Fighting as a team is very valuable considering the game has 120 million players worldwide, some of whom have been gaining experience since the game launched five years ago.
These teams are built around a mix of tank types. Players can drive light, medium, and heavy tanks as well as tank destroyers and self-propelled guns.
No matter which tank type you try driving, you get the feeling that you’re moving out in a true, multi-ton weapon of war, driving over trees and through buildings in battle.
But, you learn that the enemy is just as strong as you the first time a medium or heavy tank starts pounding on your hull with anti-tank rounds or an SPG hits you with artillery through your soft top armor.
Each kind of tank has its own strengths and weaknesses, and “World of Tanks” does a good job making them feel unique while teaching players how to tactically use each tank on its own and in a platoon.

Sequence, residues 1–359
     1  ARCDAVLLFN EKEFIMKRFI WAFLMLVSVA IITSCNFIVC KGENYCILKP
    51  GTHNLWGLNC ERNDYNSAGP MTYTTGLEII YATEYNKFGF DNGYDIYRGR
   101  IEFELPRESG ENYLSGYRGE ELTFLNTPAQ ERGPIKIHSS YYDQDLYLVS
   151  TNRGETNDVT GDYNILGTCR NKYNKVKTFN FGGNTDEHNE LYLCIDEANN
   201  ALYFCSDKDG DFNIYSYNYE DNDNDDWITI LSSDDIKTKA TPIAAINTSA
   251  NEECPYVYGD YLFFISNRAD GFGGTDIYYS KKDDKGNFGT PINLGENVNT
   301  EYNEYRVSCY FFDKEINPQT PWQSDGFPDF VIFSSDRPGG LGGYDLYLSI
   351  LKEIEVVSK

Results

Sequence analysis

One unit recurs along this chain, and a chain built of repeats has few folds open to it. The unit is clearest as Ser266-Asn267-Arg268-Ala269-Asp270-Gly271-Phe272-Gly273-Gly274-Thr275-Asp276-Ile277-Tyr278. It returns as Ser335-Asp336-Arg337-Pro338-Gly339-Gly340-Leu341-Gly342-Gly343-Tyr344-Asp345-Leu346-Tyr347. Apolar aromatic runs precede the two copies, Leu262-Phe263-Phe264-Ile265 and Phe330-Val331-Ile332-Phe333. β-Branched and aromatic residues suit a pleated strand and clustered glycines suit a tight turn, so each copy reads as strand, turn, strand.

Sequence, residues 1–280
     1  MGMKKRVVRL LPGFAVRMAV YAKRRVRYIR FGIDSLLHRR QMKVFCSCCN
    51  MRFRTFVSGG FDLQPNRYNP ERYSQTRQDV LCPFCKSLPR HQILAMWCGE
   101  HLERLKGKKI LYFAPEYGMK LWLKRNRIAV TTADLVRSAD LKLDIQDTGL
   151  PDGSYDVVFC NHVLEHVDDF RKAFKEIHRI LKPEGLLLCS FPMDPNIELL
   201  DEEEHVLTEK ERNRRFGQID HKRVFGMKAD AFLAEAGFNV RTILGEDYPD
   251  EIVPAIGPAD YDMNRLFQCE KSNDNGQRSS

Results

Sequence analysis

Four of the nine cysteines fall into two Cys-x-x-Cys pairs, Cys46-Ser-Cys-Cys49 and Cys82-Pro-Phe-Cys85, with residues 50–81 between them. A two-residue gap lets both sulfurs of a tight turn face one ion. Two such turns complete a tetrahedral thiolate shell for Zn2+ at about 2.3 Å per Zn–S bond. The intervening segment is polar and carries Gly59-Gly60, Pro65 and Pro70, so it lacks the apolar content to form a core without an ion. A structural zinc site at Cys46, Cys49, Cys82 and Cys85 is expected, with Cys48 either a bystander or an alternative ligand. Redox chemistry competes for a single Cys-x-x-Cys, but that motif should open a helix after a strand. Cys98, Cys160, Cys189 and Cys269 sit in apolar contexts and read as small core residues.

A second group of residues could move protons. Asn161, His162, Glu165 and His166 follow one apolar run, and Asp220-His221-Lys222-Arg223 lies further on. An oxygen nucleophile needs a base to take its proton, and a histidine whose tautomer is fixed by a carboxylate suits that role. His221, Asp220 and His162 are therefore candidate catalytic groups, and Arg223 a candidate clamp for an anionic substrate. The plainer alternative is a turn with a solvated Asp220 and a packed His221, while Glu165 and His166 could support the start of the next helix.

Tactics are very important in “World of Tanks.” The game’s physics discourage firing from slopes down onto the enemy, a big no-no in real tank combat as well.
Each vehicle has specific weak points that players learn to protect. Players also have to quickly learn to fire from behind cover and to use concealment when maneuvering.
Juggling all of this can be hectic but is exciting in matches, especially when the enemy missteps and you’re able to blast them away with a shot in the rear armor.
To make your mission a little easier, the game lets you recruit and train crew members, allowing for faster reloads or better tank handling in combat. Players can also upgrade their tanks. Researching a new gun may give a semi-automatic capability or buying a new engine will get a tank around the battlefield faster. The eight research trees are split by nationality and each country’s armor strategy feels unique.